3.3.3 Current Annual H2 Production
3.3.4 Hydrogen production processes Hydrogen as by-product Reforming Reforming or coal gasification with CO2 capture and storage Steam reforming of biomethane Water electrolysis The "Power-to-Gas" concept Fuel cell stack Electrolysers Other
3.3.5 Production costs
3.3.6 Global hydrogen demand forecasts
3.4 Green hydrogen
3.4.1 Role in energy transition
3.4.2 SWOT analysis
3.4.3 Electrolyzer technologies Alkaline water electrolysis (AWE) Anion exchange membrane (AEM) water electrolysis PEM water electrolysis Solid oxide water electrolysis
3.4.4 Market players
3.5 Blue hydrogen (low-carbon hydrogen)
3.5.1 Advantages over green hydrogen
3.5.2 SWOT analysis
3.5.3 Production technologies Steam-methane reforming (SMR) Autothermal reforming (ATR) Partial oxidation (POX) Sorption Enhanced Steam Methane Reforming (SE-SMR) Methane pyrolysis (Turquoise hydrogen) Coal gasification Advanced autothermal gasification (AATG) Biomass processes Microwave technologies Dry reforming Plasma Reforming Solar SMR Tri-Reforming of Methane Membrane-assisted reforming Catalytic partial oxidation (CPOX) Chemical looping combustion (CLC)
3.5.4 Carbon capture Pre-Combustion vs. Post-Combustion carbon capture What is CCUS? Carbon Utilization Carbon storage Transporting CO2 Costs Market map Point-source carbon capture for blue hydrogen Carbon utilization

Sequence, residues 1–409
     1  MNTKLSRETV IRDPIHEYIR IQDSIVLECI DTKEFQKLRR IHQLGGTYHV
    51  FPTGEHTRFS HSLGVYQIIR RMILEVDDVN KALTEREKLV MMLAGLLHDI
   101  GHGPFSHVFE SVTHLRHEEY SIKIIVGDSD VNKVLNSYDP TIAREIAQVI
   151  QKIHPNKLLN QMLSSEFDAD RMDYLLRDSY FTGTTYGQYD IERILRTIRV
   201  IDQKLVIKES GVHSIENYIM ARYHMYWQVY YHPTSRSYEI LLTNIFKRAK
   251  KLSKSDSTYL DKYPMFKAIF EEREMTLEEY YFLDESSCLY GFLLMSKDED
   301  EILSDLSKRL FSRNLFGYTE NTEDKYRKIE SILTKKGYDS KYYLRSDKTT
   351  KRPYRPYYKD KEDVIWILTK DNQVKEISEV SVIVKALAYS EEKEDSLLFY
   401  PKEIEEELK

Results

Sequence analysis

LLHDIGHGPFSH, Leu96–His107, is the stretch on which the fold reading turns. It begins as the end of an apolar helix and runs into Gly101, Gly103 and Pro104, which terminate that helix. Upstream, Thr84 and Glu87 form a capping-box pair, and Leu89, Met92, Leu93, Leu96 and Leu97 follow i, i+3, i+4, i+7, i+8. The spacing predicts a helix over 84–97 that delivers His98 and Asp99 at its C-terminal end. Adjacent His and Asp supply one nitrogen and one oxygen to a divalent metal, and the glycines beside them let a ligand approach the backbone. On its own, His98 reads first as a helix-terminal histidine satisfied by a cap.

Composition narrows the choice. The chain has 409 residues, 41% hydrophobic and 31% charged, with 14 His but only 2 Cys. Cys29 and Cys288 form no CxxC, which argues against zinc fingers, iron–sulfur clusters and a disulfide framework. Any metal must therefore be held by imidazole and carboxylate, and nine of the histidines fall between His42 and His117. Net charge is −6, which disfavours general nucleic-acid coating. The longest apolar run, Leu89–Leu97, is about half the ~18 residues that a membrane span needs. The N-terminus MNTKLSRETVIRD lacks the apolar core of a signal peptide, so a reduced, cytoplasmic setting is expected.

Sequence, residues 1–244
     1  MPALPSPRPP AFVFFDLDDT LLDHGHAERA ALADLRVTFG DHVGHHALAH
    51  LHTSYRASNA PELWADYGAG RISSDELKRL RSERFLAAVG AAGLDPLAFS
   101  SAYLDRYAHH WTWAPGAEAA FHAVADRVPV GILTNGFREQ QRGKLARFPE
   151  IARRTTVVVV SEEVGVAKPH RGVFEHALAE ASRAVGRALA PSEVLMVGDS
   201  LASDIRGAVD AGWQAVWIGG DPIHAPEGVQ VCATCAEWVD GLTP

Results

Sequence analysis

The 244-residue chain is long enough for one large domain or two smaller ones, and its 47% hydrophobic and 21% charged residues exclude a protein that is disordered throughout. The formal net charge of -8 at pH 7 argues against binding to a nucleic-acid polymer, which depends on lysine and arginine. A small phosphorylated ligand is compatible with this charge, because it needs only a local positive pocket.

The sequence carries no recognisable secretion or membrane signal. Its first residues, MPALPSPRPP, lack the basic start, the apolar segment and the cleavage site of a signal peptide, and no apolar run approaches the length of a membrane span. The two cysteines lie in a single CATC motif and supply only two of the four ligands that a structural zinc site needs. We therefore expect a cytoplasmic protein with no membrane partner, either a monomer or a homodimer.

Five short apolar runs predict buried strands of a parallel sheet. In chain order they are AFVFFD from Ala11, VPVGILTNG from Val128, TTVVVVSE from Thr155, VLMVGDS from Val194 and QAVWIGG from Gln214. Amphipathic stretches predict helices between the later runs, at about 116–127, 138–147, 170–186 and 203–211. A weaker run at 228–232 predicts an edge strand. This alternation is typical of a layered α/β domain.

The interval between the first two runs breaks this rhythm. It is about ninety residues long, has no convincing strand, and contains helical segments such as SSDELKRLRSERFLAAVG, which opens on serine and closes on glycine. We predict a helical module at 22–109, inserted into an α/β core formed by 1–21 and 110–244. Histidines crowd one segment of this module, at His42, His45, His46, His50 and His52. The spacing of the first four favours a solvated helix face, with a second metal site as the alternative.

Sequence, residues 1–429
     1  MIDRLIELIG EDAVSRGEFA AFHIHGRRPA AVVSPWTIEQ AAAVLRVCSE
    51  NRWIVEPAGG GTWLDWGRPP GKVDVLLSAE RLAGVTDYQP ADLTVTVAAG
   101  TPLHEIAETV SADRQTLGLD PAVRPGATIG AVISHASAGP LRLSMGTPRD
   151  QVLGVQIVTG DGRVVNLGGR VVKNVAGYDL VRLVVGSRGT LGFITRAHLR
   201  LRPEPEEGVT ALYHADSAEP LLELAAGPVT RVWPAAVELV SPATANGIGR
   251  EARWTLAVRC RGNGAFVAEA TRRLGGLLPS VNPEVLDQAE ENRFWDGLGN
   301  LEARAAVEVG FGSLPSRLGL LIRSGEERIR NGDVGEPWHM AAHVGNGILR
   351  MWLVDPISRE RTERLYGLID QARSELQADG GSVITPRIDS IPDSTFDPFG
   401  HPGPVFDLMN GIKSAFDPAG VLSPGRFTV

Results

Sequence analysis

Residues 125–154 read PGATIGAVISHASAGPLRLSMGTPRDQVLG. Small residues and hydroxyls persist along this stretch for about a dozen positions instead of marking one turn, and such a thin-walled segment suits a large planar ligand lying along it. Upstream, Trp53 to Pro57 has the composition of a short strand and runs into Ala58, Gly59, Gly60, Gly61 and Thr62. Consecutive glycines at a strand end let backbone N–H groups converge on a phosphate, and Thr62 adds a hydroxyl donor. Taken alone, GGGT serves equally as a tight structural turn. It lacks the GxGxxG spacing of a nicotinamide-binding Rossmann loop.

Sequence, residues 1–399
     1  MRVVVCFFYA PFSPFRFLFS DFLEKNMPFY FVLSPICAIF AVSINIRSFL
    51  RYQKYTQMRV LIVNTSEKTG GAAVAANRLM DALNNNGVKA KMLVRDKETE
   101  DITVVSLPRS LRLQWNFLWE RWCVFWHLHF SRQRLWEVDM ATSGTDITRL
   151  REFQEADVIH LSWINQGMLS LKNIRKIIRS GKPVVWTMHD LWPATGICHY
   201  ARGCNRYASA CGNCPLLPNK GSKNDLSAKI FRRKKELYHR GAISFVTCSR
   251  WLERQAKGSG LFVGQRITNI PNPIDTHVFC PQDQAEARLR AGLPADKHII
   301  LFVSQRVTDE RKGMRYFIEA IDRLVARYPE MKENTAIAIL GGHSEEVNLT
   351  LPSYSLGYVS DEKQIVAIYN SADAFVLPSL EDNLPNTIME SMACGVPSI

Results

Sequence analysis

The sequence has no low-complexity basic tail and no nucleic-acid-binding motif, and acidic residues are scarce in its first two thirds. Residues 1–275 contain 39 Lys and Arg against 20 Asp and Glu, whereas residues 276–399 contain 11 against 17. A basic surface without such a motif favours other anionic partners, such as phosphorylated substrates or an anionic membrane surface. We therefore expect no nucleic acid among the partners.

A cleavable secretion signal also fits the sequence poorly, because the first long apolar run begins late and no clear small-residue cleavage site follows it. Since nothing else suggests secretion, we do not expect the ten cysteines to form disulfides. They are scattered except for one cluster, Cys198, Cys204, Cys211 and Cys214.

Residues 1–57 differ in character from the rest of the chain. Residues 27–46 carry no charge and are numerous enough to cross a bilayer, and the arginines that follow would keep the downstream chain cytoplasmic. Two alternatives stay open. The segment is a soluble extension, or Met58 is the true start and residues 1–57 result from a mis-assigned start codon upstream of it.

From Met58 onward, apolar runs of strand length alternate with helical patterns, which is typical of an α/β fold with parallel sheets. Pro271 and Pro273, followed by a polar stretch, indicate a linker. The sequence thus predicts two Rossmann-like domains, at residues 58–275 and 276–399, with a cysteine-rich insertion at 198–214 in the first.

3.5.5 Market players
3.6 Hydrogen Storage and Transport
3.6.1 Market overview
3.6.2 Hydrogen transport methods Pipeline transportation Road or rail transport Maritime transportation On-board-vehicle transport
3.6.3 Hydrogen compression, liquefaction, storage Solid storage Liquid storage on support Underground storage
3.6.4 Market players
3.7 Hydrogen utilization
3.7.1 Hydrogen Fuel Cells Market overview
3.7.2 Alternative fuel production Solid Biofuels Liquid Biofuels Gaseous Biofuels Conventional Biofuels Advanced Biofuels Feedstocks Production of biodiesel and other biofuels Renewable diesel Biojet and sustainable aviation fuel (SAF) Electrofuels (E-fuels, power-to-gas/liquids/fuels)
3.7.3 Hydrogen Vehicles Market overview
3.7.4 Aviation Market overview
3.7.5 Ammonia production Market overview Decarbonisation of ammonia production Green ammonia synthesis methods Blue ammonia Chemical energy storage
3.7.6 Methanol production Market overview Methanol-to gasoline technology
3.7.7 Steelmaking Market overview
3.7.8 Power & heat generation Market overview
3.7.9 Maritime Market overview
3.7.10 Fuel cell trains Market overview
4 COMPANY PROFILES 200 (244 company profiles)
List of Tables
Table 1. Hydrogen colour shades, Technology, cost, and CO2 emissions.
Table 2. Overview of hydrogen production methods.
Table 3. National hydrogen initiatives.
Table 4. Market challenges in the hydrogen economy and production technologies.
Table 5. Hydrogen industry developments 2020-2023.
Table 6. Market map for hydrogen technology and production.
Table 7. Industrial applications of hydrogen.
Table 8. Hydrogen energy markets and applications.